According to my mother, I was not a very difficult child, but I had my moments of being difficult. The story she always gives as an example of one of those moments is from when I was two years old and spent the night away from my parents for the first time. They were going to a wedding, so they dropped me and my older brother off at my grandparents’. I put up a bit of a fight when they tried to leave, but ultimately they succeeded.
When they came to pick us up the next day, they walked in ready to hug me and my brother. But I apparently just glared at them, turned around and walked away. Like many sassy two-year-olds before me, I had happened upon the art of giving the cold shoulder.
I told that story to one of my friends on a video call the other day, and I think the nostalgia that lingered after that conversation is a large part of what led to a sudden and giant wave of homesickness later that night. My friend had sent me a picture of his dog, which made me think about petting my dog, which then made me think about hugging my mom, which brought me to tears.
I was surprised by that. I’ve never been one to get choked up over every little sentimental thing. While hugging my mom is certainly wonderful and not just a little thing, the mere thought of it has never before elicited such a visceral response.
However, although I don’t often feel homesickness as acutely as I did that night, homesickness is not new to me. When I went to sleepaway camp as a kid, I missed the creature comforts of home, such as good food, wifi and AC. When I first got to Hopkins and hadn’t yet found my place, I missed the familiarity of home. When I’ve had an especially stressful few weeks at school, I’ve longed for the relaxation of breaks spent at home. Given that my hometown is the lively city of New York, the Hopkins bubble can often feel dull in comparison.
And I always miss my family, just not necessarily in a way that I feel like I actually need to be around them all the time.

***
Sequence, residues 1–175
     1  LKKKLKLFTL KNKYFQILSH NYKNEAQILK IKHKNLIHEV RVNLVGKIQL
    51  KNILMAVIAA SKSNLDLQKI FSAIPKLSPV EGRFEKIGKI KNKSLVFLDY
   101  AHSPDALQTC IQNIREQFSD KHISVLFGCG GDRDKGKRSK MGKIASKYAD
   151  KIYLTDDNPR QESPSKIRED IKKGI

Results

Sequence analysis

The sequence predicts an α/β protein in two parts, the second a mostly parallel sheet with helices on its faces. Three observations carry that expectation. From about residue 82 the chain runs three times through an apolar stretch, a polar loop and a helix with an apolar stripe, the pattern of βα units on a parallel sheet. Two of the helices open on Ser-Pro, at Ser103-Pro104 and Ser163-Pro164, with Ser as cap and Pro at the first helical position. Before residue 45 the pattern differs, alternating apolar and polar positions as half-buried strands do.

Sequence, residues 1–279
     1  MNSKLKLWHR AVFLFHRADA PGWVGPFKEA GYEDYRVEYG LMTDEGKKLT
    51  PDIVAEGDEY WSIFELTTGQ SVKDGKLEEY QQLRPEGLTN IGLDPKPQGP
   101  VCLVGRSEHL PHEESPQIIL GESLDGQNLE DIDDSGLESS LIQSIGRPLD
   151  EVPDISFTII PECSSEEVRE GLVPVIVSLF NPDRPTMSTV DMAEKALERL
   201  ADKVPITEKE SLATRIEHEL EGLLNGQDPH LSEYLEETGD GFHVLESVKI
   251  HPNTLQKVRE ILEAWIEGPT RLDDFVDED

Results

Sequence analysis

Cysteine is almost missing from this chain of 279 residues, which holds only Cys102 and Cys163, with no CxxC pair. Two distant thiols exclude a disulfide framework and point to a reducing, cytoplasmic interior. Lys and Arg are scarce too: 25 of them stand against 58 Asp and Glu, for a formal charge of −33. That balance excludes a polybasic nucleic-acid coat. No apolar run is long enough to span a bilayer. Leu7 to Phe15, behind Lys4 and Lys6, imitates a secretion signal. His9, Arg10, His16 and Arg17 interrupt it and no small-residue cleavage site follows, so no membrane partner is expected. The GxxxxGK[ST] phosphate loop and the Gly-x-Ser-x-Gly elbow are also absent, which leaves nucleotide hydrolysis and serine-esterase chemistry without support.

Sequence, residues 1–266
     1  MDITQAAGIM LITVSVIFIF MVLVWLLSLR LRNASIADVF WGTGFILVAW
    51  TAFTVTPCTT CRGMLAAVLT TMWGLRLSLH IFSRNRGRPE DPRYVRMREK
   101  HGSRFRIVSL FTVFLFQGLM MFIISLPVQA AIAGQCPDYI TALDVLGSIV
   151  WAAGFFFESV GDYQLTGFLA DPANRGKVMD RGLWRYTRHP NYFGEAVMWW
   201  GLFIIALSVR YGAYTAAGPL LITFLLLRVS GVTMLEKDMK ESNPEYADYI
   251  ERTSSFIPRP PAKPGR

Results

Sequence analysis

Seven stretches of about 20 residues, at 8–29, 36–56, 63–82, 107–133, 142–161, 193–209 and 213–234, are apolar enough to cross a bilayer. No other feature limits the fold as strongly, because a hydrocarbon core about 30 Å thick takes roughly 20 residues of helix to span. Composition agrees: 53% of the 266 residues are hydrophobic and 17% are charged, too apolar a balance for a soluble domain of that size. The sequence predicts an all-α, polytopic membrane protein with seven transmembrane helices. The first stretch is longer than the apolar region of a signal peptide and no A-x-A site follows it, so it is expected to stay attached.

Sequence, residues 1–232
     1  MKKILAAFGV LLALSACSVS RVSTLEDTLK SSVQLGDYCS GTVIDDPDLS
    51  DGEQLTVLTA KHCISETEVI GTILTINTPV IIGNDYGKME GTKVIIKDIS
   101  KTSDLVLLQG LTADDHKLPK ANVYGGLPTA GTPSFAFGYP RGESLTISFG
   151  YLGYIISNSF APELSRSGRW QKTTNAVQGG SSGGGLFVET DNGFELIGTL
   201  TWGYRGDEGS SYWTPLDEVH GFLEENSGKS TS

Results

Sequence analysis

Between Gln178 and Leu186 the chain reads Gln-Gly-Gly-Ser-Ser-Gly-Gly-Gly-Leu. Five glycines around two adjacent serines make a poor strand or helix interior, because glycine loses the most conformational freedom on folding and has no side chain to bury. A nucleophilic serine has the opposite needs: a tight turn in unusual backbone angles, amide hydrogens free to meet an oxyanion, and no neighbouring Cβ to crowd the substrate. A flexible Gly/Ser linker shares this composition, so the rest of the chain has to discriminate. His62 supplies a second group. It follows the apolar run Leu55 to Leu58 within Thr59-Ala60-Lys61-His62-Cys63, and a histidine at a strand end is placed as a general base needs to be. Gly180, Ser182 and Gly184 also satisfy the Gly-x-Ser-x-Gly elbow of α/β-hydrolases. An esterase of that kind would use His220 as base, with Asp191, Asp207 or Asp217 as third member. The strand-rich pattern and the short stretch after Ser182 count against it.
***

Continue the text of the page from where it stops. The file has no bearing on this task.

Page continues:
None of that was what was making me homesick, though. Even as I cried, I couldn’t really pinpoint what I felt sad about, if I even felt sad at all. There is, of course, a certain sadness that comes from not being able to hug my parents, pet my dog or even live in a real house instead of a (lovably) janky apartment. But I’ve always viewed that matter-of-factly. And I normally only get homesick to the point I did that night when I’m upset about whatever my present situation is, when I want to escape it and retreat to the safe haven of home.
But I’m not trying to escape anything right now (except maybe the pandemic, but that’s inescapably everywhere...). School feels fake enough that I can only be so stressed about it, I have enough creature comforts and can cook well in my own apartment and I’m happy living by myself in Baltimore. I wasn’t upset, so why was I crying at just the thought of hugging my mom?
I don’t think it was just that I was feeling nostalgic, though I’m sure that opened the door a little wider. Maybe my tears subconsciously had something to do with the stressful contexts surrounding my being in Baltimore this semester.
One is that I had acclimated to the New York pandemic lifestyle and totally had to readjust when I got to Baltimore. New York and Baltimore are super different in terms of my living situation, the people I’m able to see and the states’ reopening policies. Another is that coming back to Baltimore was the result of a difficult, deliberate decision instead of the thoughtless necessity it would’ve been in a non-pandemic semester. Those are both overwhelming facets of a still-incomprehensible situation.
Maybe it had something to do with how I have two cities I love to live in, but the laws of time and space will never allow me to be in either of them as much as I want. (Science is very rude that way.) This is something I’ve grappled with since I first moved to Baltimore, but right now it’s amplified because the riskiness of traveling during the pandemic makes me feel more cut off from the city I’m not in.
The answer I want to settle on though, and the one that I think is most true, is that I was just so stricken by how much I love hugging my mom, how much I love my family, how much I love my home, that it moved me — me, who’s not a sentimental crier — to tears. I feel so fortunate to have these things, even at a distance right now, even in the midst of a pandemic. And I think that’s a vast improvement from the ungrateful, indignant two-year-old who gave her parents the cold shoulder.
Sophia Lola is a junior from Brooklyn, N.Y. majoring in Writing Seminars. She is a Magazine Editor and Assistant Copy Editor for The News-Letter. Her column, Inch by Inch, explores personal growth, whether it comes an inch or a mile at a time.